The college dropped its acceptance rate to 36 percent from 46 percent last year after receiving a record-high number of applications for the 2018-2019 school year, President M. Lee Pelton said.
“Just the sheer number of applications we got automatically forces us to be more exclusive simply because we’re not in the position as an institution to grow the size of a first-year class,” Director of Undergraduate Admission Michael Lynch said in an interview.
The number of incoming freshman applicants increased 20 percent in the last year, and 30 percent the year before that. About 13,000 students applied compared to 10,350 a year prior, Vice President of Enrollment Ruthanne Madsen said in an interview.
The college’s acceptance rate is lower now than most schools similar in demographic and academics. According to rates listed on each college’s website, Rhode Island School of Design is 31 percent, but Pratt Institute is 49.9 percent, and Mount Holyoke College is 50.8 percent.
Madsen said she attributes part of the increase in applicants to the college going test-optional, or not requiring SAT or ACT scores, for fall 2018 admission.
According to numbers provided by Madsen:
- International applicants increased 31 percent.
- Black or African-American applicants increased 21 percent.
- Hispanic of any race applicants increased 20 percent.
- Asian applicants increased 14 percent.
- Applicants who identify as two or more races increased 13 percent.
Madsen said the college plans to admit 870 students this year, compared to 938 students last year. The cutback is partially due to space—with the closure of the Little Building for renovation and a new three-year housing requirement, beds are limited. Certain departments like visual and media arts placed a cap on the amount of students admitted due to limited resources and faculty, Madsen said.
“I think we’re at capacity right now with respect to our facilities and programs,” Pelton said in an interview. “I think having a low student-faculty ratio is healthy and contributes to the quality of education here that you might not otherwise get a very large institution.”
Pelton said even though applications increased, the college still needs to improve the percentage of students who accept and choose to enroll at Emerson—a figure called the “yield.” The college yielded about 19 to 21 percent of students for the last few years, according to Madsen. In a U.S. News & World Report annual survey, the national average yield rate for liberal arts colleges in 2016 was 26.6 percent.
Madsen said the college’s growing reputation and rank also contribute to the number of applications this year. The college rose from No.14 to No.7 on the United States News & World Report for best regional university in the north. Emerson is also the number one journalism school in the country on USA Today, and number four on the Princeton Review for its theater program. College Factual ranked the college’s visual and media arts program third in the country and Bloomberg News ranked Emerson College Polling Society as the most accurate collegiate pollster.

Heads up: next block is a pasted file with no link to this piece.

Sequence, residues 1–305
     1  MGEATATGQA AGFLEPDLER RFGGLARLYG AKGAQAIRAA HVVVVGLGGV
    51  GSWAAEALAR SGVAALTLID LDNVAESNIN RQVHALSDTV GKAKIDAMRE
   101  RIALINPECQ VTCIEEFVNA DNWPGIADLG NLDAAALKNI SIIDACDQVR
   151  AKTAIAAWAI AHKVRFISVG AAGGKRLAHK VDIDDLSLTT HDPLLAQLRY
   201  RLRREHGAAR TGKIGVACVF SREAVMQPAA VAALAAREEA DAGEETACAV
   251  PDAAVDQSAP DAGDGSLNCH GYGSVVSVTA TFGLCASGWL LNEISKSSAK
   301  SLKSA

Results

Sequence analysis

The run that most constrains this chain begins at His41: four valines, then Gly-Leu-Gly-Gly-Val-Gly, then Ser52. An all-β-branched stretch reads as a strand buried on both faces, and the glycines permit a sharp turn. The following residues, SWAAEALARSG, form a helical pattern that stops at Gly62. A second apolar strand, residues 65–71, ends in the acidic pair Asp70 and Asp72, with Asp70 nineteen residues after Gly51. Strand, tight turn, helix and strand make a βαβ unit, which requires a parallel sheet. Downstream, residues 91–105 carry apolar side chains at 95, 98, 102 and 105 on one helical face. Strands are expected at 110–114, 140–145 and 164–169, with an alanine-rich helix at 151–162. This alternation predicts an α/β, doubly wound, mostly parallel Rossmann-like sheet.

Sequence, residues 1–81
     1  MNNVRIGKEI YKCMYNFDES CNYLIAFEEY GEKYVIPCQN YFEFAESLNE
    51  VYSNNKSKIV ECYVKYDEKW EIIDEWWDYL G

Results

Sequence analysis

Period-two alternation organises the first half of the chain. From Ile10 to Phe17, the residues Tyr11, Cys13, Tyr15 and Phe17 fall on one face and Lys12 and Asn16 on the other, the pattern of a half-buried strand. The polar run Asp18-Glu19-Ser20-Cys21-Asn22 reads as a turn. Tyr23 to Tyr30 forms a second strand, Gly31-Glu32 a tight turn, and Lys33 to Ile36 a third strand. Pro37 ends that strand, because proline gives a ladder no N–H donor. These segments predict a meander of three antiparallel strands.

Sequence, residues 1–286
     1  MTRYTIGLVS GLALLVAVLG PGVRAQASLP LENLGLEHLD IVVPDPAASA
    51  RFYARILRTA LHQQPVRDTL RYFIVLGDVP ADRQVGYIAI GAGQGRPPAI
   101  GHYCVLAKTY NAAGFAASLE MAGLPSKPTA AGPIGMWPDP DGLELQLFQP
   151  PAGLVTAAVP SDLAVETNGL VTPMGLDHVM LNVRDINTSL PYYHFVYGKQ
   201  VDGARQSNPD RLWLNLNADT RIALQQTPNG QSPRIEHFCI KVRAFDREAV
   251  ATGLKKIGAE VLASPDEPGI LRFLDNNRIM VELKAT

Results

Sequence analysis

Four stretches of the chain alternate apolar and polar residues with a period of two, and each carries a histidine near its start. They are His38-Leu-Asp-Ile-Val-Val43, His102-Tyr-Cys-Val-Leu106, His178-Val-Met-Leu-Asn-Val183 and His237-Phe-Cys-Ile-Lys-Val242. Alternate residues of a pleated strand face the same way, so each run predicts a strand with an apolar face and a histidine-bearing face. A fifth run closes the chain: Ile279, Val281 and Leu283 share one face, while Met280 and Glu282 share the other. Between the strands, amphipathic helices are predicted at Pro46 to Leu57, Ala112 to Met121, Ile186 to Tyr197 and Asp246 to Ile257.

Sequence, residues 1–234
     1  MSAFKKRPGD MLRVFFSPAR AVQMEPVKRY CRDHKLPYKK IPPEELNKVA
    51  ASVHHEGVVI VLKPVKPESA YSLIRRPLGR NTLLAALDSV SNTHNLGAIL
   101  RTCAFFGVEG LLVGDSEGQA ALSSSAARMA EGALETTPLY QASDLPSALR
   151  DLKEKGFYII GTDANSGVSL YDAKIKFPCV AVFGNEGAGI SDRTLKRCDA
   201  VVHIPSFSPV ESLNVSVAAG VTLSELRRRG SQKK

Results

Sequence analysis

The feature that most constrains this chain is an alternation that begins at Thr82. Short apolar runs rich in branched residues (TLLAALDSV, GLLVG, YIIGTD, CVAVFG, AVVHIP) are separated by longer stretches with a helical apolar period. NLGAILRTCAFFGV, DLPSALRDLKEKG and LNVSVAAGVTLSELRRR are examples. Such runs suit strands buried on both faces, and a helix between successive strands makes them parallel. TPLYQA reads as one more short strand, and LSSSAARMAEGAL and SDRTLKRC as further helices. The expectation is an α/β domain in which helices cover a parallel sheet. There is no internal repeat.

“What lies underneath that are the investments we have made in the core enterprise of the college,” Pelton said. “We’ve increased substantially the number of faculty. We’ve had an explosion of new programs and degrees. I think all of that is clearly, clearly paying off. And I think that this is a trend that will continue.”
Two years ago, the college rolled out three new majors: business of creative enterprises, comedic arts, and sports communication. Communication studies had the highest increase of applicants at 27 percent—39 percent in political communications, 31 percent in sports communication, and 18 percent in general communication studies—according to Madsen.
“Students from all over the country who want to go into communication, if they are motivated and creative and high-achieving, we definitely want them to come here, we want to be the school choice for them,” Dean of the School of Communication Raul Reis said in an interview. “It has the potential to make it more competitive because applications are up.”
Madsen said numbers for enrollment are not finalized until the $500 deposit deadline May 1, but the college accepted more domestic students of color and international students than in previous years.
“I think Emerson as an institution wants to diversify, we’ve always wanted to do that. Every institution I think in the United States wants to diversify. That’s the problem, there’s a lot of competition for those students and sometimes it comes down to what’s the right fit for the student,” she said.
Senior Jessica Shotorbani applied to Emerson as her safety school because of its less competitive average SAT and ACT scores, and GPA. She said she liked how the college valued students working on their career, rather than a strong focus on academics.
“If you lower it even more to just people who are the most academically qualified, I feel like that’s already gonna be a little bit bias towards people who may not have access to better education or financial stuff, so I feel like that’s really gonna limit a diverse student population,” Shotorbani said.
Junior Kimberly Wilborn said when she was applying, even with the successful alumni Emerson produces, few people saw it as competitive.
“Only people in the media industry truly know about Emerson,” Wilborn said. “So I guess overall it makes the school look more competitive and gives Emerson a competitive edge.”
Amanda Ryan, an accepted student for the class of 2022, said the lower acceptance rate attests to the school’s prestige. She said she applied to Emerson for its theater design and technology program.
“They definitely want the best experience for the students they want, they don’t just want to pick someone to fill a spot,” she said.